TECHNOLOGY

The One Interview Question Imgur's CEO Always Asks

After a new round of financing, the online image-hosting site is on a hiring spree--and there's one thing Alan Schaaf, the company's founder and CEO, will want answered by each candidate.
Alan Schaaf

Alan Schaaf

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In 2009, Alan Schaaf, an avid Redditor, grew frustrated at the amount of time he spent staring at broken, or dead, images, or waiting for animated gifs to display. He realized there wasn't a central image-hosting site Redditors--or, really, anyone on the Internet--could use and count on to continue hosting their image reliably.

From his bedroom while attending Ohio University, Schaaf created Imgur (pronounced "Image-er"), and posted a link to his nascent image-hosting site on Reddit, writing: "I created an image hosting service that doesn't suck. What do you think?"

Five years later, Imgur is one of the most highly-trafficked sites in the world. (Its Alexa rank in America is 22, and it has millions of users each day.) And Imgur the company is growing up. With a fresh infusion of $40 million in venture capital funding, it now employs more than 20 people (up from 11 a few months ago), and is still hiring. I sat down with Schaaf and asked him to lay out his strategy for asking insightful questions when interviewing candidates.

Culturally, what do you look for when hiring?
It's not always about "can you do the job?" It's about "can you fit in with the team?" Are we going to come in every day and be really excited to work with you? Are you going to be that glue that holds a team together? Or are you going to be the poison that separates the team?

How can you actually determine that?
By reading into what people say. We turn down a lot of really smart people who just say something weird in the interview. They might refuse to answer a question or seem unwilling to participate in the conversation. We watch out for the people who can only talk about themselves, and not be interested in a problem they are presented with.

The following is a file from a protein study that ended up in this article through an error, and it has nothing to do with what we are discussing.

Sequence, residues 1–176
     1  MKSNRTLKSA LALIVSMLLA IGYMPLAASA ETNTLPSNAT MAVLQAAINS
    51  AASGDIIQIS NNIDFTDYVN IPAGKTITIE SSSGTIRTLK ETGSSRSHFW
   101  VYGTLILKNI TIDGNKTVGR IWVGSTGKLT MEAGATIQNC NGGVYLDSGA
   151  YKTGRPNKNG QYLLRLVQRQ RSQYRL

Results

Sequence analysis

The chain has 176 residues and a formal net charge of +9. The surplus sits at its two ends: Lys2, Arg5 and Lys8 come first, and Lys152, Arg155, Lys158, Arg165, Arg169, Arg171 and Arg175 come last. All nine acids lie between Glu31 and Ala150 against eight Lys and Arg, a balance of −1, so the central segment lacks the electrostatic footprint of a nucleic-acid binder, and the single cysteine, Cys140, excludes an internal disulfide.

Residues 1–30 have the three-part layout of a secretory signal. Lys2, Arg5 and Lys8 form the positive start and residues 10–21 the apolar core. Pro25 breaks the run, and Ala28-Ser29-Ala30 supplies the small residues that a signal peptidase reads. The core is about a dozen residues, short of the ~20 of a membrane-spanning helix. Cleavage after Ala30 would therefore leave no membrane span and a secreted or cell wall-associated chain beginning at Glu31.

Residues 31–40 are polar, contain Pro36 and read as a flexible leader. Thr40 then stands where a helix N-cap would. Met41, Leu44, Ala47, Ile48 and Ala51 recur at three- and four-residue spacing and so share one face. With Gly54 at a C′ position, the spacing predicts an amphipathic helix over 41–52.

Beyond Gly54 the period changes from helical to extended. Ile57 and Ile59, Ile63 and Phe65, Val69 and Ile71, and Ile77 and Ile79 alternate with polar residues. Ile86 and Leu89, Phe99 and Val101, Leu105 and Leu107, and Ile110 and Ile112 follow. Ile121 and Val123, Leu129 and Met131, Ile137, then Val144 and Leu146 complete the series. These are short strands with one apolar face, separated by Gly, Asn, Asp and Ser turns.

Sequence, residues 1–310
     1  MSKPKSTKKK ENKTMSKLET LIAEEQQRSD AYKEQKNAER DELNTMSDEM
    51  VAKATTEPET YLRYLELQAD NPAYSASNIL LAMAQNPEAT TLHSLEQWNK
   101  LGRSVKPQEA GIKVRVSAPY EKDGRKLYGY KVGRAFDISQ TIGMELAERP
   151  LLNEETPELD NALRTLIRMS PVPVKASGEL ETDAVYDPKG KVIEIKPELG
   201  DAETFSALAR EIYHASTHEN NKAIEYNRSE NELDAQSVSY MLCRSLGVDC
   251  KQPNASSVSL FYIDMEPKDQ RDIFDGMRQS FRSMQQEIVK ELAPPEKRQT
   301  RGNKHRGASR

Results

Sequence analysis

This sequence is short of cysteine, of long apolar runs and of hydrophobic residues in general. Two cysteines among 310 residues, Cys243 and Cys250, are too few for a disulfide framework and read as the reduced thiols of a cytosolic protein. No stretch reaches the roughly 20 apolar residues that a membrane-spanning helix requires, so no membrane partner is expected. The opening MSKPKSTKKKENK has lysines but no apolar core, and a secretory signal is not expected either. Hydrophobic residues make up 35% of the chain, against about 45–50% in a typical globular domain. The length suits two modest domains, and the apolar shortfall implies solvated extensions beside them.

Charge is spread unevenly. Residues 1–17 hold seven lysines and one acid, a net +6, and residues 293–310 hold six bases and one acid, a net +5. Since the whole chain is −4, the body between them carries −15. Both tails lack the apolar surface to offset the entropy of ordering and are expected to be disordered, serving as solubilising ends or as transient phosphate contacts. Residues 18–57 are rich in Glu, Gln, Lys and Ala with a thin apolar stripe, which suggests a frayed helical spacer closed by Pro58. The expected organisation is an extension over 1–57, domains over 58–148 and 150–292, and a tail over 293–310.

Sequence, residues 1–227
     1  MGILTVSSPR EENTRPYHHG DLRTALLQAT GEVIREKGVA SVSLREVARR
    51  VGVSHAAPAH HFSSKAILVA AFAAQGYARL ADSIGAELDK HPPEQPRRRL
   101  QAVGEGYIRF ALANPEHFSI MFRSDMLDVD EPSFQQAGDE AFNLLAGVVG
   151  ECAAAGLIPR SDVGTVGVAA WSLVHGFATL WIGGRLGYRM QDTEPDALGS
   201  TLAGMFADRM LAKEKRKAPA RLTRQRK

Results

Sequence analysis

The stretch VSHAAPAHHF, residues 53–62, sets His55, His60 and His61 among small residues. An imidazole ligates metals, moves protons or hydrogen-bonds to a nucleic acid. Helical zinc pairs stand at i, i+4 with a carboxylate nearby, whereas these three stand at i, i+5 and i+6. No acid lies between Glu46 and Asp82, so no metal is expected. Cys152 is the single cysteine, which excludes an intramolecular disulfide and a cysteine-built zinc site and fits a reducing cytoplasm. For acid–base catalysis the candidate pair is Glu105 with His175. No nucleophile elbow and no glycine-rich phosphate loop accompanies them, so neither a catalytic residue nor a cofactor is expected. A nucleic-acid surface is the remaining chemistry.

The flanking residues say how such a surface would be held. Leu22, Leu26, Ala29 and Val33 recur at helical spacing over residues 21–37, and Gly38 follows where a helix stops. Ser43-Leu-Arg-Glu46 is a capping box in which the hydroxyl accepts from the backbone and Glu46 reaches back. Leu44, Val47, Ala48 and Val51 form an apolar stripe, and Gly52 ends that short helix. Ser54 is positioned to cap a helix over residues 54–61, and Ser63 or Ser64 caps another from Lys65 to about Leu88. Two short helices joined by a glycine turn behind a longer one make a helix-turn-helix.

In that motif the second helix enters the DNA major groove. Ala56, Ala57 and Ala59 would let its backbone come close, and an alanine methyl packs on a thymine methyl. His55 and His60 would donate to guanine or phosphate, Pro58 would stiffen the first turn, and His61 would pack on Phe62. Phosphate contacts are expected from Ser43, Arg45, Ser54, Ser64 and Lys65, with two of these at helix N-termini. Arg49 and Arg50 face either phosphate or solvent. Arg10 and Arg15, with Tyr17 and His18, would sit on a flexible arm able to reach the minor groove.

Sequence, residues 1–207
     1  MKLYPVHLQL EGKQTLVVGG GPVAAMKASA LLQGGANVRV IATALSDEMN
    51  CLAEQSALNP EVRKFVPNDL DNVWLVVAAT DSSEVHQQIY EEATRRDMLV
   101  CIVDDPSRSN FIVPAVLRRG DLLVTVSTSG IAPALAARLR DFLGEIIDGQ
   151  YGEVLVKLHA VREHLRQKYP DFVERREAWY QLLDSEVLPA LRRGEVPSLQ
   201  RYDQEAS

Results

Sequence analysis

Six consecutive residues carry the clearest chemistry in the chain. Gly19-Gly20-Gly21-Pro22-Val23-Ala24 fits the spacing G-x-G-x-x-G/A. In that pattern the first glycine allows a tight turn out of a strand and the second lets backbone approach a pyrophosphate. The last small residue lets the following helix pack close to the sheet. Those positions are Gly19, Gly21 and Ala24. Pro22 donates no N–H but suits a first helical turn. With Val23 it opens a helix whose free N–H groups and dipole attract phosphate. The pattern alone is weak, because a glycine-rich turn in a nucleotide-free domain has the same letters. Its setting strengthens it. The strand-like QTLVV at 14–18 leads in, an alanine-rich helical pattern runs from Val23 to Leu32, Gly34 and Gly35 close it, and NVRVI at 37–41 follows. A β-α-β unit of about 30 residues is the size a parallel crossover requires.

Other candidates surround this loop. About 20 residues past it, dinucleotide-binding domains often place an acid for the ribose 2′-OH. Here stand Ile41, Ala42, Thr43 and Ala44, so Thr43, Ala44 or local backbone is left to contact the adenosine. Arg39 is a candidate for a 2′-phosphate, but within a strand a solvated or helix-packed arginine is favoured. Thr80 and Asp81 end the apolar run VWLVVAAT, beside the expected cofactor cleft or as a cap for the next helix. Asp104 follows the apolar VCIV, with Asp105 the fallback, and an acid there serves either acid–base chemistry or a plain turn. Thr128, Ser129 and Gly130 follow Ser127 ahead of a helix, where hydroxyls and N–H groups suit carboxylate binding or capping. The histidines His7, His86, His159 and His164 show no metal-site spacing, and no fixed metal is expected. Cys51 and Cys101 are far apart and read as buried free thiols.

What's your favorite interview question?
Oh, I have a good one. My favorite interview question is: If you could have a superpower, what would it be? I can get really into it. Because everybody says "flying," right? So: how fast are you going to fly? Are you going to fly so fast that all your clothes fly off? Are you going to fly so high that you can't breathe anymore? What are the practical limits? Can you carry someone? We try to take whatever they say and almost turn it against them so they can figure out the problem associated with that. At the same time, it's also really personal.

What's your answer?
My answer is: "I want to be able to teleport." The reason I want to be able to teleport is that I don't like waiting around. It's one of my pet peeves. I also don't like traveling; because I don't like sitting on a plane for six hours, doing nothing, essentially wasting time. You know what would be awesome? Bam, I'm in New York. Or, I'm in the mood for some dim sum. Bam, I'm in China. I don't have to wait around, and it feels like I could live twice as long by not, like, waiting in lines and traveling.

What's the weirdest answer you've ever gotten?
One of the best answers happened just last week. This guy had a normal answer, like being invisible, and his follow up was, "you know what else would be good? Having a really ordinary superpower. Like the ability to never say 'you too,' to someone when you don't mean it." Like, when the waiter says, "enjoy your meal," and you say "you too." You'd save yourself from an awkward situation, many, many times. I thought that showed something about his character. And it was funny.

IMAGE: courtesy of Imgur
Last updated: Jul 3, 2014

CHRISTINE LAGORIO-CHAFKIN | Staff Writer | Senior Writer

Christine Lagorio-Chafkin is a writer, editor, and reporter whose work has appeared in The New York Times, The Washington Post, The San Francisco Chronicle, The Village Voice, and The Believer, among other publications. She is a senior writer at Inc.




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